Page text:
Implementing the Auto Claims Management template
IBM Case Manager enables the business analyst to design, build, test, and deploy a solution using a tool called IBM Case Manager Builder. The Case Manager Builder provides an easy-to-use environment that allows the analyst to describe the solution using familiar terminology, while abstracting away the underlying complexities of the technical implementation. (Throughout this tutorial, you will see numerous screenshots of the Case Builder tool.)
In describing the implementation of the Auto Claims Management sample, this tutorial starts with the assets defined using the Case Builder tool. It then describes some places where we extended the template using the IBM FileNet P8 Process Designer and discusses how we implemented two rules that we built with ILOG® JRules.
Finally, the tutorial inspects some UI assets contained in the template.
The artifacts of a case management solution are organized into an object model, as illustrated in Figure 5.
Figure 5. The IBM Case Manager object model
Each solution includes a unique, user-provided descriptor that will be used as a prefix on all assets within the solution. The solution also contains one or more properties, document types, roles, and case types. Document types, properties, and roles are defined at the solution level and are used across the defined case types. There is one personal in-basket defined for all users of the solution.
Within a case type are properties, case property views, folders, and tasks. All properties defined at the case-type level are mapped up to the solution level so they can be reused in other case types. Case types also contain user pages. These pages can be customized, and new pages can be created to meet the needs of the case workers.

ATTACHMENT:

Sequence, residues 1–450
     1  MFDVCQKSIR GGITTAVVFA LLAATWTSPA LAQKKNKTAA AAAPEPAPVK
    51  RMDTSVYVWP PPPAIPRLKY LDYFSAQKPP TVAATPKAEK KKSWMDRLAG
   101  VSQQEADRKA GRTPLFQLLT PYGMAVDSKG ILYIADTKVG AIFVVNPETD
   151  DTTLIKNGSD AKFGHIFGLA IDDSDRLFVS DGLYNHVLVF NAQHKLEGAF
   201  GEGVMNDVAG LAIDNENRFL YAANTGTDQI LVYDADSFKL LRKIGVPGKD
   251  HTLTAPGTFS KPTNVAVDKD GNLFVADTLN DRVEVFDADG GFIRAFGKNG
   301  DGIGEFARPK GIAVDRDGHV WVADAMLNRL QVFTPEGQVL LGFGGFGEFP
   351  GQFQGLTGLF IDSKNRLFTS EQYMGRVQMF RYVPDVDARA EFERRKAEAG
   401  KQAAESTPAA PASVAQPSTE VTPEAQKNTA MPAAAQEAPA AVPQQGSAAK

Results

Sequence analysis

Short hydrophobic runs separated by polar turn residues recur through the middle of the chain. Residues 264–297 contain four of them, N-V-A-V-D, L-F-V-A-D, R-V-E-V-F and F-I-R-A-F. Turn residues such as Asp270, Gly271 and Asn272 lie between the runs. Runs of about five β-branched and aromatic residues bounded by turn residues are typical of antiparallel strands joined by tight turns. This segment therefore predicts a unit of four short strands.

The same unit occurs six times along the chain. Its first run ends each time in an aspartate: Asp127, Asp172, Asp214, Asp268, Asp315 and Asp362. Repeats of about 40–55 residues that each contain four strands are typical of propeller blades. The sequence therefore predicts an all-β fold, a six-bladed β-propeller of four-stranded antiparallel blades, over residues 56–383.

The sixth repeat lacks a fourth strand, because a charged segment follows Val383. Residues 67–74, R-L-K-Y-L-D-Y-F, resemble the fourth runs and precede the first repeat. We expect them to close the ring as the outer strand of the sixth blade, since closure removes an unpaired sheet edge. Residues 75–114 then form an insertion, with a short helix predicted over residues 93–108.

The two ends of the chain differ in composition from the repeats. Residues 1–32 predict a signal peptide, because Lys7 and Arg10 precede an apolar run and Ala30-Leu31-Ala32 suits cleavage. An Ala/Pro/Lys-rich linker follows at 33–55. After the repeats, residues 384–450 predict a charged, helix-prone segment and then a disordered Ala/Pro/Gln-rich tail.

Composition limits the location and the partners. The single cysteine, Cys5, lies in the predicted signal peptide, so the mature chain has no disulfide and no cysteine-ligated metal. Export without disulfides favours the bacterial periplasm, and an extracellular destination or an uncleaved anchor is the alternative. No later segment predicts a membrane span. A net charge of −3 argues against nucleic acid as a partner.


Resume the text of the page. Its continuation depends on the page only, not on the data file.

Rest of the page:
This section discusses all of the assets defined and implemented using the IBM Case Manager Builder tool. Collectively, they provide the definition and high-level structure of the template.
There are a significant number of properties defined in the template. Most of them are self-explanatory; they store and display details about the customer's policy and the claim being worked. Figure 6 shows the details defined for three types of properties.
Figure 6. Details of three types of properties
Other properties help drive the solution in a variety of ways:
- Setting a precondition for a task — Note that a
property can be used as a precondition for the instantiation of a
new task. In the Auto Claims sample, there are a number of Boolean
properties that the case workers can set to start new tasks. When
the case worker sets one of them to true, a new work stream is
created to complete that piece of work. As an example, when the
claims adjuster sets the Boolean property Request Estimate to
TRUE, the create estimate task will automatically
Request Estimate = TRUEis a precondition for that task.
- Specifying the purpose of a work item — The property Work Item is used to indicate what the purpose of each work item is in a case worker's inbox.
- Indicating the current state of the case — The property Claim Status is used to indicate the case's current state.
There are a number of roles defined for the solution. See Table 1 for a list of them.
Table 1. Roles used in the Auto Claims template
|CSR||Customer service representative|
|Agent||Third-party investigating/assessing damage|
|Supervisor||Supervisor for team of adjusters|
|Recovery Expert||Expert for recovering the cost of losses|
|Fraud Investigator||Investigates potential fraud cases|
|Administrative Clerk||Performs back-office activities, like assisting with the generation of letters|
As Figure 7 shows, each role has an associated in-basket.
Figure 7. Details of a role
In addition, the template defines a simple personal inbox for handling work items directed at individuals or workgroups.
Throughout the auto claims process, there are documents that may be included with the case. Figure 8 shows that properties can be assigned to describe the document type.
Figure 8. Details of a document type